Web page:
From January 2018 the International Marine Contractors Association’s (IMCA) will recognise only formal inspection reports conducted using its eCMID database, meaning that paper reports not uploaded into the database will no longer be considered by IMCA to be authorised inspection reports. The whole eCMID system is now based on the principles described in the ISO 19011 Guidance for Auditing Management Systems standard and is aligned with other comparable industry guidance on safety management system assurance.
From the same date only validated Accredited Vessel Inspectors (AVIs) will be able to use the ‘inspector role’ in the IMCA eCMID database to conduct authorised Common Marine Inspection Document –IMCA M149 and Marine Inspection for Small Workboats – IMCA M189) inspections.
“Working with the International Institute of Marine Surveying (IIMS) the AVI scheme is already proving successful, and 2016 saw a concentrated drive to ensure vessel owners/operators register on the eCMID database and to encourage all aiming to become AVIs to complete the steps necessary for validation,” explains IMCA’s Technical Director, Richard Benzie.
“The planned changes are certainly already bearing fruit, as an example, IIMS tell us that only recently they played host at their UK office to a visitor from Vietnam eager to talk about the steps needed to ensure all their inspectors get through the validation process. And calls are coming in from around the world from organisations and individuals eager to ensure they meet the January 2018 deadline.”
“These steps are designed to improve both the integrity and quality of the eCMID scheme, which in turn helps reduce the burden of over-auditing of vessels.”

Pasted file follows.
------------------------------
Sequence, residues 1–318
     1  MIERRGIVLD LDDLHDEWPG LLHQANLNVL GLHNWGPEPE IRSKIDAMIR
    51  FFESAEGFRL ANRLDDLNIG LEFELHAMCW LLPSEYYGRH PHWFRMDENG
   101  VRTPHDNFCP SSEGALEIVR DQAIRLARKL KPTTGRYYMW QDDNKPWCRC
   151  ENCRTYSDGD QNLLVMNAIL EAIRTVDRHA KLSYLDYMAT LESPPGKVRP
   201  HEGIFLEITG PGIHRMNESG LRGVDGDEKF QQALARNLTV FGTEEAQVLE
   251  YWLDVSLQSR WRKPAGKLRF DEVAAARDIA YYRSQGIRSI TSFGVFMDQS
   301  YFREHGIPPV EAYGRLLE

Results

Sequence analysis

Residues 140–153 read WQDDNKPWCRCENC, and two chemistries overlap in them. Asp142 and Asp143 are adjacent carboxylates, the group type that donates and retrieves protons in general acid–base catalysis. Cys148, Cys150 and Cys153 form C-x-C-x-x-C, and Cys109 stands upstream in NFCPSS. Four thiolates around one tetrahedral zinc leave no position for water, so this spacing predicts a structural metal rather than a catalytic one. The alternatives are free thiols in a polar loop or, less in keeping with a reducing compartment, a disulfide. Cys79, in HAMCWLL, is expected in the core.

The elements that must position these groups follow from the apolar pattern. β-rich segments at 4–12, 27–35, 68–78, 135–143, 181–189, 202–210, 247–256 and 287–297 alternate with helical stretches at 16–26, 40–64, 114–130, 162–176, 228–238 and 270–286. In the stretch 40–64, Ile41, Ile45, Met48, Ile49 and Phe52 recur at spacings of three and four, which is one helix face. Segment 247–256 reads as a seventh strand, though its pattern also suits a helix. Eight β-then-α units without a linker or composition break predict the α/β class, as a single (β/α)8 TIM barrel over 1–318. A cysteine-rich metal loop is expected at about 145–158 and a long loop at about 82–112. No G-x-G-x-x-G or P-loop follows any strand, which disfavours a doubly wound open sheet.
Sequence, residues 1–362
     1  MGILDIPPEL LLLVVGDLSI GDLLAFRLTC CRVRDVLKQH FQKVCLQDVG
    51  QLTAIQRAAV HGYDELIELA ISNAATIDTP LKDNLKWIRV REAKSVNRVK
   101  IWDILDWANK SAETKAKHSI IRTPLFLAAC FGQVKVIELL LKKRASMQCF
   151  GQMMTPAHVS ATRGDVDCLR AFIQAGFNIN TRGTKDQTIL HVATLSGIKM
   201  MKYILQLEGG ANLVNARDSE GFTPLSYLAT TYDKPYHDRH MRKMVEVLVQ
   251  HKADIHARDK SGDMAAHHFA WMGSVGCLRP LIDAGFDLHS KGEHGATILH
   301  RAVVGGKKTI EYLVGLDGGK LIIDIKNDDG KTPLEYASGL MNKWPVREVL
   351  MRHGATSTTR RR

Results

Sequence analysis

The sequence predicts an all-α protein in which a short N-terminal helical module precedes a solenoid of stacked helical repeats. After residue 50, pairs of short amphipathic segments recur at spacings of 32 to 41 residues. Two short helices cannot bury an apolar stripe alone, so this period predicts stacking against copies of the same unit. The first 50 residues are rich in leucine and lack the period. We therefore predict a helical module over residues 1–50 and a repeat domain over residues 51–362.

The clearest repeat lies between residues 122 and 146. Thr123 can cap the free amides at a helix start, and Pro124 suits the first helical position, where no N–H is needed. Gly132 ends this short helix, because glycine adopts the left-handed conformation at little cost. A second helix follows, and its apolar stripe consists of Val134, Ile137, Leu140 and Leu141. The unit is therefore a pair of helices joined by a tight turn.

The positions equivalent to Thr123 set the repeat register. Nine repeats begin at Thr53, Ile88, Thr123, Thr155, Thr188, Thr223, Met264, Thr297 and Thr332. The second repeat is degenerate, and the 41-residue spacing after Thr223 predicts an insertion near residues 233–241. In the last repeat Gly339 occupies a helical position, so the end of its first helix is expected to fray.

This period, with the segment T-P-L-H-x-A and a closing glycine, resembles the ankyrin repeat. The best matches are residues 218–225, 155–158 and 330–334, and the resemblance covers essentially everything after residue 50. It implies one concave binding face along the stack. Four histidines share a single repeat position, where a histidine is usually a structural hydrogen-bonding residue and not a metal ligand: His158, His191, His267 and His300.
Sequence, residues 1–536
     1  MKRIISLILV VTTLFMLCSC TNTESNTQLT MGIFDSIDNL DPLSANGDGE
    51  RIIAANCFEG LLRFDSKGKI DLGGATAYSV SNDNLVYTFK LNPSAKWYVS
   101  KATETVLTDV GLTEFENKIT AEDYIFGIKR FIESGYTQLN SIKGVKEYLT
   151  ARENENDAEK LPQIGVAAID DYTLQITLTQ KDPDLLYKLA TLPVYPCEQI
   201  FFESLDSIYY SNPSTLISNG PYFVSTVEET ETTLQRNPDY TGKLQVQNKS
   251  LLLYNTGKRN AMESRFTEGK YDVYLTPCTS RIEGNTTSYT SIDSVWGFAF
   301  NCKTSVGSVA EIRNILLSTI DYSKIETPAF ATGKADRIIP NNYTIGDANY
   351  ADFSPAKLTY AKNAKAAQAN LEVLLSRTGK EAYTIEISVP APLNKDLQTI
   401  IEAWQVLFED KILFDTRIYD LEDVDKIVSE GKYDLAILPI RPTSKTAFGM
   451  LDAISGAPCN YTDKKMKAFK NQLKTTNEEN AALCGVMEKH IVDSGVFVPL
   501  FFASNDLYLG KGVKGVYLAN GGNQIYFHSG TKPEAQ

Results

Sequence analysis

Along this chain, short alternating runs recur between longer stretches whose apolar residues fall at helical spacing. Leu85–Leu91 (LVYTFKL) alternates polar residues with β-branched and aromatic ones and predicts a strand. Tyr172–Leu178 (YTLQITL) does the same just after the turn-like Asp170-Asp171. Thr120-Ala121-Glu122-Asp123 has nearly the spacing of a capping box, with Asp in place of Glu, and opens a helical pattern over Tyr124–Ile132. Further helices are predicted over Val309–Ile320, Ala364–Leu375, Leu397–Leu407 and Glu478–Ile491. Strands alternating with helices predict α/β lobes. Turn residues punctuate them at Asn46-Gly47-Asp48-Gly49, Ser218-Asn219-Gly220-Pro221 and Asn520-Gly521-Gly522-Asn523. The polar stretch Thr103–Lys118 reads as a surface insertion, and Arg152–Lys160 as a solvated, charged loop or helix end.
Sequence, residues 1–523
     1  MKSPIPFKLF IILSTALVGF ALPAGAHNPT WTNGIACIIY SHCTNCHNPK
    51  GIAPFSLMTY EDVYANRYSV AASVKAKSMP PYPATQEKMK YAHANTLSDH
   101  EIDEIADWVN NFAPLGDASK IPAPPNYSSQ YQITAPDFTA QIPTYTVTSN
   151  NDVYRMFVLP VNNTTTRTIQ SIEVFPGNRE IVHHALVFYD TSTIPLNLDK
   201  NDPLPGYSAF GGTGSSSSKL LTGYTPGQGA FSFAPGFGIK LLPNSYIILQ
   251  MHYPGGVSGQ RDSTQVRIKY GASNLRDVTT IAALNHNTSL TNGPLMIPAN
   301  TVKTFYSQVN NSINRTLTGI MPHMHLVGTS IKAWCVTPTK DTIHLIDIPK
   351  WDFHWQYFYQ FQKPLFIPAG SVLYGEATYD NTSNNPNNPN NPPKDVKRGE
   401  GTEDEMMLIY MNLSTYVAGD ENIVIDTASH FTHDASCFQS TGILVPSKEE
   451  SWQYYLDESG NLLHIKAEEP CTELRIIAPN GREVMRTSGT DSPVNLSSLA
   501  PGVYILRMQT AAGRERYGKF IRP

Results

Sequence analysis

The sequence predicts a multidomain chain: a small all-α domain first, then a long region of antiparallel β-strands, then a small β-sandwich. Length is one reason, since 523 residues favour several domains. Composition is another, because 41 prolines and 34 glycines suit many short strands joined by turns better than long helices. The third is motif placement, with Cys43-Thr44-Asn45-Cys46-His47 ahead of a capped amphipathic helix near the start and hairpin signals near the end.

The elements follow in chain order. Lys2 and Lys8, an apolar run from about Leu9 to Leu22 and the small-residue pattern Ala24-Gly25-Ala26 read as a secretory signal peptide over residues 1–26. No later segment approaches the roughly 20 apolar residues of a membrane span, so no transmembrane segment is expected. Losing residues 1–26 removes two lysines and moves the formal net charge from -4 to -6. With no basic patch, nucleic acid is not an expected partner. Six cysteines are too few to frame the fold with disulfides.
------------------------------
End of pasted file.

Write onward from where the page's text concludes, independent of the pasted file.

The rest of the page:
Validation of AVIs
There are now 220 AVIs based in 35 countries; and 12 AVI assessors. IIMS has run 14 courses, with IMCA’s Technical Adviser Chris Baldwin leading three of them. IIMS now has trainers in the Far East, Australia, the UK and Norway.
As IIMS’s Hilary Excell, who leads the validation programme explains: “We plan at least one course a month throughout 2017, and the programme for the first half of the year is as follows:
17 January, DNV GL offices, Aberdeen
19 January, Global Maritime offices, London
16 February, Global Maritime offices, Hamburg
15 March, Safety Marine Consultant’s offices, East Yorkshire (UK)
W/c 2 April, venue tbc, Jakarta
W/c 7 May, venue tbc, Nice
12 June, Novotel, West Quay, Seawork exhibition, Southampton
25 July, venue tbc, Singapore
31 July, venue tbc, Sydney
“When the courses first started they were largely about how to use the eCMID database. Now they cover legislation, expectations, code of conduct, and importantly they provide a networking opportunity as well as use of the database.”
IIMS works with applicants to ensure that their applications fit the bill, and suggest work on certain aspects, or attendance at specific courses before the application goes to an assessor. They also step in with suggestions if they feel a prospective or accepted AVI would benefit from mentoring or shadowing. “We want to feel that all AVIs are inspectors who anyone would be pleased to have on their vessel,” says Hilary Excell.
Click for further information on CMID, eCMID and the AVI scheme. And further information on IMCA and its work on behalf of around a thousand member companies in over 60 countries is available from the IMCA web site or contact by email. The association has LinkedIn and Facebook groups, and its Twitter handle is @IMCAint.